Written By: David Jolley, MD, FAAP;
PEM Fellow PGY-5
August 5, 2014
Dr David Jolley authored an insightful and honest review of the program based on his 1st year fellowship experience. The review will highlight program strengths and shortcomings to guide future applicants attempting to narrow their search for the most compatible program based on their goals and interests.
What Makes UNM PEM Fellowship Unique
Pediatric Emergency Medicine is a Division of the Department of Emergency Medicine, NOT the Department of Pediatrics! This means we have a much closer relationship with the General Emergency Medicine Physicians than is typical for a PEM program! One of the biggest complaints I heard on the interview trail is that PEM fellows spend their adult months in an unfamiliar place with an unfamiliar system, working with unfamiliar attendings, taking care of low acuity patients.
Here you spend your adult months working side by side with people you work with on a regular basis in a system you know. You are put in a very active resuscitation bay as the only training physician (don't worry, you have an attending) taking care of high acuity adult patients. Those with heart attacks, strokes, sepsis, or trauma patients! You learn what the adult months are designed for: how to stabilize and ship a critically ill adult patient! And instead of being overwhelmed with this for four long months, your only full month is in your first year, followed by one shift a month for the next two years! We still have a good working relationship with the Department of Pediatrics which has all of the major subspecialties so you have access to pediatric expertise. We are included in the teaching of both the Pediatric residents and the general Emergency medicine residents and you work side by side with both groups and will get to know them well! Within the Department of Emergency Medicine there are amazing opportunities with Disaster Medicine, Emergency Medical Services, and Wilderness Medicine. These groups are housed within the same department (and building!) and if you have interest in these areas you can definitely get involved! Our EMS and Wilderness programs also have their own fellowships with educational opportunities galore!
I have kept data on all the procedures I've done or seen in the first year of my fellowship (these are all on real patients and do not include the simulated procedures like DPL, additional cricothyroidotomy's, and field amputations). Choose this link: Procedures 1st Year to view. Choose this link Diagnoses 1st Year to view the variety of patients I saw. Enjoy!
We do not have an active cardiac surgery or diverse transplant group. This means we don't see many heart surgery or transplant patients, so of you really like these, you will not see that many of them here. We get a handful of coarctation patients and kidney transplants, but without an active group these are few and far between. We also have very few sickle cell patients due to the elevation, but have an active hematology and oncology group. We also do not have a PICU fellowship, so the fellow experience for that month still needs significant work as we don't have a solid role there yet. The PICU experience here is currently pretty laid back without many high acuity surgeries, but plenty of severe medical and trauma patients and attendings who enjoy teaching.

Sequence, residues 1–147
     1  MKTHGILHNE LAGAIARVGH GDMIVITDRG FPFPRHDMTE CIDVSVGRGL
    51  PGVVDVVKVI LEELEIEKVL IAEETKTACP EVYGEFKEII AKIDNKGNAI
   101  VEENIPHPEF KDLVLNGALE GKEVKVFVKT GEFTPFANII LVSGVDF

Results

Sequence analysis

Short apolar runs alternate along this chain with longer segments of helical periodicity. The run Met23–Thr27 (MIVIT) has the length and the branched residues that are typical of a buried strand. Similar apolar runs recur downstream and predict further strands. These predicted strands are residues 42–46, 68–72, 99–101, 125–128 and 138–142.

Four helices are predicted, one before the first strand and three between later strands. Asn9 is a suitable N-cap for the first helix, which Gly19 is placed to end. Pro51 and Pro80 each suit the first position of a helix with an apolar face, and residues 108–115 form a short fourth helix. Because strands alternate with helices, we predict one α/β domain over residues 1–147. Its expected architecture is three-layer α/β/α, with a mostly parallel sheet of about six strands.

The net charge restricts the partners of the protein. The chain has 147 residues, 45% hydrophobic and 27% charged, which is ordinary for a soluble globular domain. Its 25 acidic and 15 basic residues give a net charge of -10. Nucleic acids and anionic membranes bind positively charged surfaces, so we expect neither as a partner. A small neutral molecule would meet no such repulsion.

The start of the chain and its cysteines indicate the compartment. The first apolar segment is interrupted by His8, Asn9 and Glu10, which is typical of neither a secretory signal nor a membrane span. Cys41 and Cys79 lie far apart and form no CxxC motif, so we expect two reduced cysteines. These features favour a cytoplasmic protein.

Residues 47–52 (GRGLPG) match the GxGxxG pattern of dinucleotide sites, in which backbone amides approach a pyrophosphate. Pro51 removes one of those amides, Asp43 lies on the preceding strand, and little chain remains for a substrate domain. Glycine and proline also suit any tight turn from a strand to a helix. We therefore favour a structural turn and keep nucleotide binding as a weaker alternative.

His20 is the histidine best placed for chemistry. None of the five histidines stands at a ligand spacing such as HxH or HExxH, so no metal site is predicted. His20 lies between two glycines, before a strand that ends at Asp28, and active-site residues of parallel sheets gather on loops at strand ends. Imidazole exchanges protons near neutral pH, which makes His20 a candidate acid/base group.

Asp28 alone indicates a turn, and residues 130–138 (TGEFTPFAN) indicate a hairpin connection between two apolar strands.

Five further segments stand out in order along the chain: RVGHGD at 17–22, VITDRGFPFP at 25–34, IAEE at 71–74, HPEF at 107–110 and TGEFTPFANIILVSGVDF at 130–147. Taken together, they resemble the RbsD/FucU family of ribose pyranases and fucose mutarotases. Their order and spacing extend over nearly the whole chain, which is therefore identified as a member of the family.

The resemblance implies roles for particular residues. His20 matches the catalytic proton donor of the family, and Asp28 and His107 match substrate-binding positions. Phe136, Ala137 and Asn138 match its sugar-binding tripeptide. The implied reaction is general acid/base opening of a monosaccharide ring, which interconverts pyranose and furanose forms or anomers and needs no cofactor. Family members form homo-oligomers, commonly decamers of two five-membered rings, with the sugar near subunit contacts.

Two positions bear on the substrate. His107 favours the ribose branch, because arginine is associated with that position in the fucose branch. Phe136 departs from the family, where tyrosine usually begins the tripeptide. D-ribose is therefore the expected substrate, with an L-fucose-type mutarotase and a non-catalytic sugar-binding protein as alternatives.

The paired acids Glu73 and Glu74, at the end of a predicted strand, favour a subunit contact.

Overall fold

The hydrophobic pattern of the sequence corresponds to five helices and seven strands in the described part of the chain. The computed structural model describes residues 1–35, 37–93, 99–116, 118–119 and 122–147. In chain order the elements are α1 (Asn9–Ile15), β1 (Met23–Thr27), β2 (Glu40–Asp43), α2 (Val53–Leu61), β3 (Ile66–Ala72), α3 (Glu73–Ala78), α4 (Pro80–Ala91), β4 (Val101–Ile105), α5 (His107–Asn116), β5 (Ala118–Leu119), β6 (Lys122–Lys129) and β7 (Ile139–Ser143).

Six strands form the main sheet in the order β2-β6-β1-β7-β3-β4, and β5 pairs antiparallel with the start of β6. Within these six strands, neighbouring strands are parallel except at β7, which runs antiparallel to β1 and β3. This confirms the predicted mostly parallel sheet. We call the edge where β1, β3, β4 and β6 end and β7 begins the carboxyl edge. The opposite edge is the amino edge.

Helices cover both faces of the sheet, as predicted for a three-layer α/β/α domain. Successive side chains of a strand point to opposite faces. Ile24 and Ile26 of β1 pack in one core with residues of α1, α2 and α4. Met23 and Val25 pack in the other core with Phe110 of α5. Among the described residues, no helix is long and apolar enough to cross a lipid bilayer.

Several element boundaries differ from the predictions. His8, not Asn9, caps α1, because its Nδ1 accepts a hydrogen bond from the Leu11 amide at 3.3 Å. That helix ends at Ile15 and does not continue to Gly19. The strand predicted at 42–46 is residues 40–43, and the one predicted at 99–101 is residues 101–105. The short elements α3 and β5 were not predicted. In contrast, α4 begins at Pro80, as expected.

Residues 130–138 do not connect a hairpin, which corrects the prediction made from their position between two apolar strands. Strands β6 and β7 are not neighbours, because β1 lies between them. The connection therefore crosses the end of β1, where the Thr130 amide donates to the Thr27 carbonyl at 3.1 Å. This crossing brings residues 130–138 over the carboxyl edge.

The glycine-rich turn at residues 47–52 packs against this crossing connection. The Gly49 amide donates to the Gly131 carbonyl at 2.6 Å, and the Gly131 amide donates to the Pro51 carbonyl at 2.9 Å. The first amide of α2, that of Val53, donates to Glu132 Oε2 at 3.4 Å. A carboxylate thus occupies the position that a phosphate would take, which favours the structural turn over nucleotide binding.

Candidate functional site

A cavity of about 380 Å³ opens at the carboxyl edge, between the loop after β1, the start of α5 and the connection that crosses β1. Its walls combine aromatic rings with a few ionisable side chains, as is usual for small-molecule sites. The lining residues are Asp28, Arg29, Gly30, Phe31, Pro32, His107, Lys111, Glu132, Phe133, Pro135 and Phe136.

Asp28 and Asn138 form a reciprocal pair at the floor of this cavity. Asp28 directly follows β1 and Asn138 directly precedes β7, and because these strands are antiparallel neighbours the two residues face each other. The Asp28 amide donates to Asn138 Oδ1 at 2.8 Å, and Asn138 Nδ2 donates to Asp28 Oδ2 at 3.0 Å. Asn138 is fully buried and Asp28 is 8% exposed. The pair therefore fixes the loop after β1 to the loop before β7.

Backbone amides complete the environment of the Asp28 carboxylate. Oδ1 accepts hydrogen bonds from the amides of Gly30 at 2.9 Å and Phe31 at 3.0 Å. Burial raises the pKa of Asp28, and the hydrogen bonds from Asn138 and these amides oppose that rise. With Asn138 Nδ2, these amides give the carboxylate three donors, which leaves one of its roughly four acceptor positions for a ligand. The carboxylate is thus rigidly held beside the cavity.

As this is a young fellowship, the directorship actively listens and responds to the fellows with monthly meetings and has already added an excellent ultrasound and orthopedics rotations within the last year based on our requests! They have added a weekly curriculum at our recommendation, including assigning another faculty member specifically for this task. We have three simulation centers on campus which we use to teach the residents and are just starting simulation specifically for the PEM fellows. We get amazing experience in the Pediatric Emergency Department with a diverse group of patients with interesting patient problems.
We are an active Level 1 Trauma Center. You will notice we don’t have a trauma month in our curriculum. This is because we see these patients on a daily basis mixed in with all of our other patients. The most severe trauma patients we see in the Resuscitation Bay, a location just down the hall (no really, like 100 feet) from the 12 bed Pediatric ED, yet we have the capability for caring for them in the Pediatric ED if necessary.
We have plenty of opportunities for procedures. We do many procedural sedations, laceration repairs, and draining abscesses on a regular basis. I have done two chest tubes in the year I’ve been here and seen three more (real patients). I’ve seen a cricothyroidotomy (real patient) and done several myself in the simulation center. I was able to practice field amputations on cadavers in the anatomy lab during my EMS month, and I get to intubate on a regular basis.
In case you are interested, the department is also supportive of fellows who want to get a Masters of Science in Clinical and Translational Research at the University of New Mexico during their fellowship.
So while we're still experiencing some growing pains, the educational opportunities are great here at the University of New Mexico. I highly recommend that you consider this as a place of training!